1. 2007’s 12th running of the race, a half-mile course dropping 300 hair-raising feet, was one for the record books. It saw the most competitors (145), most spectators (1,000, including a man in a chicken suit), and two new course records: Andrew Holcombe’s 4:27 bested Tommy Hilleke’s record of 4:34 set in 2005, and Robin Betz’ women’s win at 5:23 eclipsed the mark of 5:46 set by Nikki Kelly in 2002.
2. The worst carnage ever befell Nick Easley in 2006, whose wreck in Gorilla has garnered 10,578 views on YouTube (youtube.com/watch?v=D35fat6vdWA). Suffering broken ribs, a concussion and a punctured lung, Easley spent a week in the hospital after cowboying up and hiking two miles out. “For the most part we’ve pretty lucky with injuries,” says organizer Jason Hale, whose e-mail handle is H20Beatdown. “Most injuries happen while people are training. On race day you have the best safety you could ever hope for.”
3. The water for the race is turned on by a guy named Frank, who works for Duke Power. In 2004, high water in Lake Summit upstream forced him to crank the flow up to a whopping 250 percent. The event was officially cancelled, but seven paddlers raced anyway. This year Frank must have been dosing. The release came late, causing the hundred or so spectators paddling in to get caught in a self-coined “bubblefuck.” “People had to wait for the next rapid to fill up before they could go downstream,” says one bubble rider, who saw 30 people jammed into the 10-person eddy above Go Left. “It was sketchy as hell for a moment. As soon as I thought there was enough water I hauled ass out of there and never looked back.”
4. With no entry fee and no prize money, each year racers simply compete for The Glass, a coveted stained glass trophy made by local boater Todd Graff. The design varies every year, but never sways far from its roots: a kayaker descending the maw of Gorilla. Small trophies are handed out for the women’s, hand paddle and short boat categories, but The Glass itself is reserved for the fastest paddler, period. So far it graces the windows of Jason Hale, Al Gregory, Tommy Hilleke, Pat Keller and this year’s winner, Andrew Holcombe (Clay Wright won the inaugural pre-trophy event).
5. Partying’s as much of the program as paddling, with the race book-ended by major ragers. This year started with a Halloween bash with the band “Bullets and Lace” decked out in skeleton and wolverine garb. Those still standing then headed to the pizza-and-beer premiere of LVM’s No. 24 on Thursday, before washing it all down with a post-race alligator-Jambalaya blow-out breaking in Woody Callaway’s new house at the take-out. “I told my neighbors I was going to have a ‘little” party,’” says the host with the most, who woke the next morning to find 30 people sleeping on his floor, a pair of women’s jeans in his kitchen and a sea of beer cans that filled 24 contractor’s bags. “It turned out to be more than 300 people. The next day one of my neighbors said, ‘I hope to God you never tell me you are going to have a BIG party.”
6. Manufacturers get into the action, too. Over the years, the race has spawned several new kayak designs, including this year’s 11’9” Remix 100 from Liquidlogic, 11’6” Momentum from Wave Sport, and 11’9” Green Boat from Dagger (production model to be released this spring). The Green took the top four spots this year, and the Remix the next two, and eighth through tenth. The boat with the most wins? A blue Prijon Tornado with eight, two by Jason Hale and six by Tommy Hilleke. “There’s a fine line between good speed and being able to run Class V safely,” says Holcombe, adding that how a boat sheds water is almost as important as its length.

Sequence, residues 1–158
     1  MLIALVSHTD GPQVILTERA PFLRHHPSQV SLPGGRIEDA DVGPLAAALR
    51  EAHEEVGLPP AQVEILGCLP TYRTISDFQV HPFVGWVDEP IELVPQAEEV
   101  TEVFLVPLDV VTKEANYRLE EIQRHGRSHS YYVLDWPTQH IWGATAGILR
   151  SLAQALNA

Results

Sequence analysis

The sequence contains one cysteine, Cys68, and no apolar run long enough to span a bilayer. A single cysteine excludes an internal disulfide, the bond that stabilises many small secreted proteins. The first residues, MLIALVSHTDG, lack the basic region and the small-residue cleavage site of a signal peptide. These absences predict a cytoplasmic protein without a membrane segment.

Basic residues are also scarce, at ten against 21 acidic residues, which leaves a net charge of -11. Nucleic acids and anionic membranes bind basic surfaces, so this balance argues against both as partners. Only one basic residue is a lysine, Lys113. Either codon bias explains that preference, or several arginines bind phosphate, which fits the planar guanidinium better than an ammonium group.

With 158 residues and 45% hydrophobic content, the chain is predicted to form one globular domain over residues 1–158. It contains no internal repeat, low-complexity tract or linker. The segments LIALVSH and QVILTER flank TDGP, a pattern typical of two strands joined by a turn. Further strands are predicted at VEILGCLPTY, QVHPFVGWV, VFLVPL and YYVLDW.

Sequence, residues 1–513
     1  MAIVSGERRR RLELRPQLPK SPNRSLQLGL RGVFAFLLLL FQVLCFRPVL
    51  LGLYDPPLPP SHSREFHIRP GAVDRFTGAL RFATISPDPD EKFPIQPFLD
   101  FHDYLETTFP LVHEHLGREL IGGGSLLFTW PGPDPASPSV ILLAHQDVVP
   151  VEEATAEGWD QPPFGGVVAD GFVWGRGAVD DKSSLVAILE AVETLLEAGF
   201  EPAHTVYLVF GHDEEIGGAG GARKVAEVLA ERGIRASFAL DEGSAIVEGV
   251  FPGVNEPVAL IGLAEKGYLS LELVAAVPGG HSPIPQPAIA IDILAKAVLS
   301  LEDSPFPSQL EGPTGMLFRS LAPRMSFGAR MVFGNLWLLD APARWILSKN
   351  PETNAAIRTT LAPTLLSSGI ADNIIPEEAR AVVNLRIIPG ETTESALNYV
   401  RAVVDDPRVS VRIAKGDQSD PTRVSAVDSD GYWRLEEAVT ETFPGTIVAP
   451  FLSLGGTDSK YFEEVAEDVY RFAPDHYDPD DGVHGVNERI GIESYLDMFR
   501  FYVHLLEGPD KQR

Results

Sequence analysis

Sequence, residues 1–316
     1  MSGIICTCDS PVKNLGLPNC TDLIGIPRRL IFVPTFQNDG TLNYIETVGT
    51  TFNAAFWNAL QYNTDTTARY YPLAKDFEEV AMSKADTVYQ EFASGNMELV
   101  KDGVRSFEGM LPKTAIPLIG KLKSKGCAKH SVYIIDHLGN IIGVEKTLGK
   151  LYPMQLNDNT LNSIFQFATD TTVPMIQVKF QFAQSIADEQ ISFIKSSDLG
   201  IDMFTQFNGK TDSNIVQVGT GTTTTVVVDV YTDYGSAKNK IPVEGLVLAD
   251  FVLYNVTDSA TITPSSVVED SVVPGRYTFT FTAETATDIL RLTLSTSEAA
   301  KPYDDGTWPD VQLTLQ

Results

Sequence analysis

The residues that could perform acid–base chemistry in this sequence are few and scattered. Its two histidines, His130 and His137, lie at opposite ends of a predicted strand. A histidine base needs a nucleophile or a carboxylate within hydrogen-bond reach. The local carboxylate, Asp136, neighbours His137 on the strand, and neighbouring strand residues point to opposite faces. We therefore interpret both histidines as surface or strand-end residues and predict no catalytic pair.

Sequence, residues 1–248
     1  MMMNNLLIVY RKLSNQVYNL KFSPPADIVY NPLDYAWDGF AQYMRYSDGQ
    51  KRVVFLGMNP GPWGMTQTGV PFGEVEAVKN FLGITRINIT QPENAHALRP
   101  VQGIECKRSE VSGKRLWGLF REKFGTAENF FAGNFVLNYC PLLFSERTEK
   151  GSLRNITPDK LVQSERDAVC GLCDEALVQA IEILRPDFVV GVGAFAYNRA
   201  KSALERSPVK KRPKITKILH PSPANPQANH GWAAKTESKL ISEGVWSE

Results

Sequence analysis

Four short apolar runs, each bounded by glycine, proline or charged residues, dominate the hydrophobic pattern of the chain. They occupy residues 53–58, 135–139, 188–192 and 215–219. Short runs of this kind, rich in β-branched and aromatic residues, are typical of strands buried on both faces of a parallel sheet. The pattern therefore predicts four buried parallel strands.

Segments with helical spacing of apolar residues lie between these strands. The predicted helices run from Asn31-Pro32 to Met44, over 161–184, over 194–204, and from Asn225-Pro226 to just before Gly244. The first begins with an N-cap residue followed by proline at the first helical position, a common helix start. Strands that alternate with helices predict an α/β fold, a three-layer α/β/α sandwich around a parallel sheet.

7. The Green Man title goes to those with the balls to race both short and long boat categories (Glen LePlante set the tone by first doing so in 2003). This year 30 people rattled their nerves in the sadistic combo, towing the extra kayaks behind them on the paddle in and then stashing them at the start to retrieve for run number two. “It was never that popular until Glenn did it,” says local Green Man John Grace. “You’re subjecting yourself to the same punishment twice.” This year Paul Stamilio upped the ante ever further by entering the hand-paddle category as well. No name, yet for people who do that.
8. The race’s Zen-master is six-time winner Tommy Hilleke, who, in 2006, lost for the first time since 2000 only because he moved to Colorado. He credits it to time in the saddle. “A lot of it is just knowing the river,” says Hilleke, who estimates he’s paddled it up to 700 times. “At that point I probably had more descents down it than anyone.”
9. The only year a banner has been at the race was in 2004 when Red Bull put a giant inflatable arch across the river near the finish line. Despite a raging Red Bull and vodka party, the commercialism was frowned upon and banners were never allowed at the race again (organizer Jason Hale rounds up just enough sponsorship funding to cover race costs and t-shirts).
10. It is good karma to yell “Ride the Lightning!” while launching off the launch-pad lip at the top of Gorilla. No one’s quite sure why it relates to kayaking Gorilla, but the term was coined during a high-water run by Hilleke and refers to metal band Metallica’s second album, released in 1984